The Gallup research model could be a powerful tool to help families make better college choices. Fewer students would have to transfer if their initial choice were a better fit. But they need Gallup-like insights to help compare schools. The objective is less to compare Ivy League graduates to state-university graduates to small liberal arts college grads. Rather, it would be to help students recognize that there are differences between schools — and outcomes — for people like them.

All — or nearly all — graduates should be surveyed annually for the decade after they graduate. They should be asked how their college prepared them for the real world; about their satisfaction, their success and their engagement with work and community. These responses should be tracked (anonymously) and seek to answer the question: How do their perceptions, performance and happiness change over those 10 years?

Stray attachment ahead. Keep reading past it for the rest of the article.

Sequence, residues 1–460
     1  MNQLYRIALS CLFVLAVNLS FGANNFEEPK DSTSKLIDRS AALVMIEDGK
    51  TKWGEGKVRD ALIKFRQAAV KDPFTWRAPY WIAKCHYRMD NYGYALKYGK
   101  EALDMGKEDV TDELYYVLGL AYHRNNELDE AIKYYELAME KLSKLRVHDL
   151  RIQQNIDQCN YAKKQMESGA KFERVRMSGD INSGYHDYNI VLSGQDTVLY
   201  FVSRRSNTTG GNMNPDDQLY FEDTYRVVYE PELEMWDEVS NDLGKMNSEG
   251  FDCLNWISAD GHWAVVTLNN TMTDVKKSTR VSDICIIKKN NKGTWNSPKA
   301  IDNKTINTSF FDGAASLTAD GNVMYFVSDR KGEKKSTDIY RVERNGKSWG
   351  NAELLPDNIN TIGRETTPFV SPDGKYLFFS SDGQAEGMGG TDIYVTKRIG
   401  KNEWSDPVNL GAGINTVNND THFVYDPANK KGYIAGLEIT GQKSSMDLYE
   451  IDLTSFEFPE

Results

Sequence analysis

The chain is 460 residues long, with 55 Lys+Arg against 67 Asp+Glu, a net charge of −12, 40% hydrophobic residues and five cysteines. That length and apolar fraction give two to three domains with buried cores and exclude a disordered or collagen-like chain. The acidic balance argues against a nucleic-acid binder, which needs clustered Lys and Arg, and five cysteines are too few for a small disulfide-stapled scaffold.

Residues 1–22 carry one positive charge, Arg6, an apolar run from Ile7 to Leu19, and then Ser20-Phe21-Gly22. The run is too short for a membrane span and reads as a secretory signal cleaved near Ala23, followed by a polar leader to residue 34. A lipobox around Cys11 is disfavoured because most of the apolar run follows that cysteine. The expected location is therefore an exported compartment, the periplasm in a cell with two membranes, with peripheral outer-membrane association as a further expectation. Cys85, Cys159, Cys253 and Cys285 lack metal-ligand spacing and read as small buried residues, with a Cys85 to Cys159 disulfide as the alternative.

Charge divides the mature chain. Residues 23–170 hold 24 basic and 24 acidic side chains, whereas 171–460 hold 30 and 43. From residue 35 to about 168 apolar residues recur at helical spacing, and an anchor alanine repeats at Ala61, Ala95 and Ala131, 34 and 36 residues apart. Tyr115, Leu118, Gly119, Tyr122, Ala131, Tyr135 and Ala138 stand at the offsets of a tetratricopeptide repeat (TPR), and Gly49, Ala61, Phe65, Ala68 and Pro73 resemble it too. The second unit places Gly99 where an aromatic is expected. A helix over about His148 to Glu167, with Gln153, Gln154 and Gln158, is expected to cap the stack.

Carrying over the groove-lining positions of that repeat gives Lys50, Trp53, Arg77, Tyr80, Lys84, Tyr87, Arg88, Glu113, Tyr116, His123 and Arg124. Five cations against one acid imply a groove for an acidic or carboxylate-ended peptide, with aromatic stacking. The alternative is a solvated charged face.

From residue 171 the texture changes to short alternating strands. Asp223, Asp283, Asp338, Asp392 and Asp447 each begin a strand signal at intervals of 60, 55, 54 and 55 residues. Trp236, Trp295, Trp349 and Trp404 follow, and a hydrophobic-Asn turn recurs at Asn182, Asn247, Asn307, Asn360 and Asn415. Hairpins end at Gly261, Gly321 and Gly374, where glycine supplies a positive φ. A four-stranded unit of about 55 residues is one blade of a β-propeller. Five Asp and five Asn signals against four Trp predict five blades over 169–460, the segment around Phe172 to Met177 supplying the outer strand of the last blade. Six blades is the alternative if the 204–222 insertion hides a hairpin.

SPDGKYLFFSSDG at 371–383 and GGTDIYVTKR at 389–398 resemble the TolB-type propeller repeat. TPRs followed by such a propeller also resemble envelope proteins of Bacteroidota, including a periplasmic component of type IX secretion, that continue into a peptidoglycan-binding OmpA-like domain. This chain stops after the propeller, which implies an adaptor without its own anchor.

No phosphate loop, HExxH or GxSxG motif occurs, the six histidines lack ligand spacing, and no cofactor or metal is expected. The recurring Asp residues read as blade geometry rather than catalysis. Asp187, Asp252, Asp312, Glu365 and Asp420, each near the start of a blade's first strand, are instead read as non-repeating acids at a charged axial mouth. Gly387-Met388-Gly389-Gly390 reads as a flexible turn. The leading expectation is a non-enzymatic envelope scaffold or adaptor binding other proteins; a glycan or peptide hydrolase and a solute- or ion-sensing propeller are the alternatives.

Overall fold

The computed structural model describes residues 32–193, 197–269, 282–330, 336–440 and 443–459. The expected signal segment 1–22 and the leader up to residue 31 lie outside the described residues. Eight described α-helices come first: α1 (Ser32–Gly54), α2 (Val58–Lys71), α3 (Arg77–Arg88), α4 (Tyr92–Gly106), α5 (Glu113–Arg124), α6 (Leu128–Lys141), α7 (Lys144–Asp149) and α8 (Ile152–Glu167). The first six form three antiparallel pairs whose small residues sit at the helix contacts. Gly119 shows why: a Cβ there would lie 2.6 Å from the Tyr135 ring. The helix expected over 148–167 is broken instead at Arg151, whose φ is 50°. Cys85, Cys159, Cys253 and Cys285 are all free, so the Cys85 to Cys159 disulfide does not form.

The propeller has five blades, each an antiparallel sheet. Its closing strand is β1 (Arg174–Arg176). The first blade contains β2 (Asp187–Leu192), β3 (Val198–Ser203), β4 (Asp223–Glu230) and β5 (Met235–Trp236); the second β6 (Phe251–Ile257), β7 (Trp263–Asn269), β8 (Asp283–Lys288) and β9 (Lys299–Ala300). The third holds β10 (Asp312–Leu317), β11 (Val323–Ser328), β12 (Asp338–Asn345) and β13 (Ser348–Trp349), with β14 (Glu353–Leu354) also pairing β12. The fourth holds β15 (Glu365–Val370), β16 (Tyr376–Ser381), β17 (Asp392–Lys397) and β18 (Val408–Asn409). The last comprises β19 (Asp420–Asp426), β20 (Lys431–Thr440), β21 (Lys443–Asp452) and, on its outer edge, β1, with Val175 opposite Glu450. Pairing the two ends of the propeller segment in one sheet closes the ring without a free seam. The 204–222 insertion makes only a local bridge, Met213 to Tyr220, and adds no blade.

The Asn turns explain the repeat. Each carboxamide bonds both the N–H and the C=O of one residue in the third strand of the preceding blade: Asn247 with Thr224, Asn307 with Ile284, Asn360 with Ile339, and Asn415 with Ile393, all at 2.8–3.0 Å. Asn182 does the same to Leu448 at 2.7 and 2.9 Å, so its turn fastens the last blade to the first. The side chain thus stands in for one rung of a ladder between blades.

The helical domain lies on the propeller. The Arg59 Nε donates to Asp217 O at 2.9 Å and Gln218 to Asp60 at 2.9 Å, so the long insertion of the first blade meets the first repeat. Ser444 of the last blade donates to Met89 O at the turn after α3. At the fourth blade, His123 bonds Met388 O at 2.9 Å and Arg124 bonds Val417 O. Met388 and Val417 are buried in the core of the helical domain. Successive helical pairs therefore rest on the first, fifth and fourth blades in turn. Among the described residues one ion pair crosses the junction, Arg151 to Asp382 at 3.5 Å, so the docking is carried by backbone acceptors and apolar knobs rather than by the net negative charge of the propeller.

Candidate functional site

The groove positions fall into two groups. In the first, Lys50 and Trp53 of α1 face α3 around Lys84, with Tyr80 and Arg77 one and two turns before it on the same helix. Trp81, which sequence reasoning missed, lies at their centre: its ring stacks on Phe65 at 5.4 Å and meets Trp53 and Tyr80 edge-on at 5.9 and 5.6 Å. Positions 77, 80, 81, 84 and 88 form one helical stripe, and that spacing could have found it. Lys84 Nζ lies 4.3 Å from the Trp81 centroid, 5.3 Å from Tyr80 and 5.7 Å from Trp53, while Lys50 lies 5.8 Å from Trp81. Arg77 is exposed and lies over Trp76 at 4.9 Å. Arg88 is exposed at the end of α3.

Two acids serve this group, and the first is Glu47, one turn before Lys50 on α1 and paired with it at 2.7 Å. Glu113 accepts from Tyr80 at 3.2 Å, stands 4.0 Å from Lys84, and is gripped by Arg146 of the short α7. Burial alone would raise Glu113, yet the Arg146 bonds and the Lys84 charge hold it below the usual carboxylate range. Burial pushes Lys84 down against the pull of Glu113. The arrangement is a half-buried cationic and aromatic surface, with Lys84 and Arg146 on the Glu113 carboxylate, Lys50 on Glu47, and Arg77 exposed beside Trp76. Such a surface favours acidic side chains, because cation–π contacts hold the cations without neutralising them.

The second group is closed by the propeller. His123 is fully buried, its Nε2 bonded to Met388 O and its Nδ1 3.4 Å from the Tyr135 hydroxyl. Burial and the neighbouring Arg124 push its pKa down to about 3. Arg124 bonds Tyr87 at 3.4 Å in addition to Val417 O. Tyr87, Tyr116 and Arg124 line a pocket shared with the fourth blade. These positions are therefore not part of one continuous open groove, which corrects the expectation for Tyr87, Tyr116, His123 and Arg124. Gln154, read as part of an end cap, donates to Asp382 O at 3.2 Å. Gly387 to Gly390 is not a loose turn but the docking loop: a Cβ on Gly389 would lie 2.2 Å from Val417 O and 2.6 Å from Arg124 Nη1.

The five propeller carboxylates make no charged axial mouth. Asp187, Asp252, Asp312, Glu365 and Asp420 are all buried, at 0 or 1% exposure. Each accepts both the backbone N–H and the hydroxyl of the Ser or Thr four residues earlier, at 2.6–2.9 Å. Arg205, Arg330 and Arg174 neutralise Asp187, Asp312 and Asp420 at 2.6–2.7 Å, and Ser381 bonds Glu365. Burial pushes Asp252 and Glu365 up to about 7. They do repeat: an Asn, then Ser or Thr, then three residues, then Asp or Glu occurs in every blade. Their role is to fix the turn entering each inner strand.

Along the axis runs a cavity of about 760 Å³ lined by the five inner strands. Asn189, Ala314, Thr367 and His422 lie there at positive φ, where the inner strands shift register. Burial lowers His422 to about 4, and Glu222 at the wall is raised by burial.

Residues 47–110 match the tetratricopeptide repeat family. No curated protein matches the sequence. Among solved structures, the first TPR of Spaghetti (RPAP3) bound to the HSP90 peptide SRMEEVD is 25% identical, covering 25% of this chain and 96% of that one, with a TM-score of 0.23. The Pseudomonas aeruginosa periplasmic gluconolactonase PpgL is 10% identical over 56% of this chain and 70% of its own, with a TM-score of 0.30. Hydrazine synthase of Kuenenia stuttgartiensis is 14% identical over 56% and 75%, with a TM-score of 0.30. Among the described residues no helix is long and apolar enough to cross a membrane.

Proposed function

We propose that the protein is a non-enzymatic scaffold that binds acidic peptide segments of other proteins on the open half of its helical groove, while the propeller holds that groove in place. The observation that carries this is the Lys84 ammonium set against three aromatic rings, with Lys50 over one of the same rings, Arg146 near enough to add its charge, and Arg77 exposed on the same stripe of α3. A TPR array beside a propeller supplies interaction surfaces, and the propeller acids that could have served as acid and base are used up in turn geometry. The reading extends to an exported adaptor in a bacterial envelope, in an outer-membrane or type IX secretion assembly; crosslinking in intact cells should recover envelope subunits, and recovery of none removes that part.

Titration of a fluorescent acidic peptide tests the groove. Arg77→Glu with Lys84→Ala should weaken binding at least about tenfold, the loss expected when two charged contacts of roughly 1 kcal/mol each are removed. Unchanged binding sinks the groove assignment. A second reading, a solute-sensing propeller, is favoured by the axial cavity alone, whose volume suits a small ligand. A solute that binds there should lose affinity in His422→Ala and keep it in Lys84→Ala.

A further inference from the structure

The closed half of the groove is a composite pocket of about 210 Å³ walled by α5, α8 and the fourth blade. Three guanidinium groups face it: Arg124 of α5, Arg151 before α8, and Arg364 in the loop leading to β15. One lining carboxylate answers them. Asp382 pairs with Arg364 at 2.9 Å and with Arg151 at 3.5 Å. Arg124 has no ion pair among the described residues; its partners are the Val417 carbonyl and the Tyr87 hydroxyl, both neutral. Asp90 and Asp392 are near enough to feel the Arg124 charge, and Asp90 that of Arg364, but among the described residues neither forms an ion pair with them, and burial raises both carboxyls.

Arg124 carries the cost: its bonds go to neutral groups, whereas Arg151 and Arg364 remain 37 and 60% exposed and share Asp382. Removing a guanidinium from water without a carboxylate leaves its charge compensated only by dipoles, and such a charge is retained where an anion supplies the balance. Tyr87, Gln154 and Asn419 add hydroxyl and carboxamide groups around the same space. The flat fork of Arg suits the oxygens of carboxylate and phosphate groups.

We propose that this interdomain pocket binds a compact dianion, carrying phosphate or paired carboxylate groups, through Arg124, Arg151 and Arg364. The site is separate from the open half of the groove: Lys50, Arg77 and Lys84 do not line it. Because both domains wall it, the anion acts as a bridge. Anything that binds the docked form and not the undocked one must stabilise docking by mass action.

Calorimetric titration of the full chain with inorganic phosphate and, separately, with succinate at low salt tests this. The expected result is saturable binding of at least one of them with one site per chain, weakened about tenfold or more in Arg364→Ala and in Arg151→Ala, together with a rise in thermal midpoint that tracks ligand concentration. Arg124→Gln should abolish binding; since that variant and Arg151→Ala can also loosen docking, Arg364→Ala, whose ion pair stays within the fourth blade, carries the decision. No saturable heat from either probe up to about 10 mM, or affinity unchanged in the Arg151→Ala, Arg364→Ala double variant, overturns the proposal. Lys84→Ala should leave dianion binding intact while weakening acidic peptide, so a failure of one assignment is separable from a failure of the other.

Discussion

This information would be far less difficult or costly to acquire, analyze and share than might be first imagined. The federal government is already in contact with more than 70% of four-year college graduates every month for ten years because students have to repay their college loans. Requiring graduates to complete a survey once a year — and giving people a small financial incentive to do so — is not a heavy lift.

Families need better information to help them make smarter college choices. Let’s give it to them.